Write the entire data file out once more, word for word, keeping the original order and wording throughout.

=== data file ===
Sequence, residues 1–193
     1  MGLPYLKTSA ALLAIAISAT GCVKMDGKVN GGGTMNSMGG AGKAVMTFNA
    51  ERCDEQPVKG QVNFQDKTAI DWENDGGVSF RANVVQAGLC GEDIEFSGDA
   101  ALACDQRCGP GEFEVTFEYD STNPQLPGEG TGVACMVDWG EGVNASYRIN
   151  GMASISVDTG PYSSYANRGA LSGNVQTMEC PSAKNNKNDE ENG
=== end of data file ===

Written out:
Sequence, residues 1–193
     1  MGLPYLKTSA ALLAIAISAT GCVKMDGKVN GGGTMNSMGG AGKAVMTFNA
    51  ERCDEQPVKG QVNFQDKTAI DWENDGGVSF RANVVQAGLC GEDIEFSGDA
   101  ALACDQRCGP GEFEVTFEYD STNPQLPGEG TGVACMVDWG EGVNASYRIN
   151  GMASISVDTG PYSSYANRGA LSGNVQTMEC PSAKNNKNDE ENG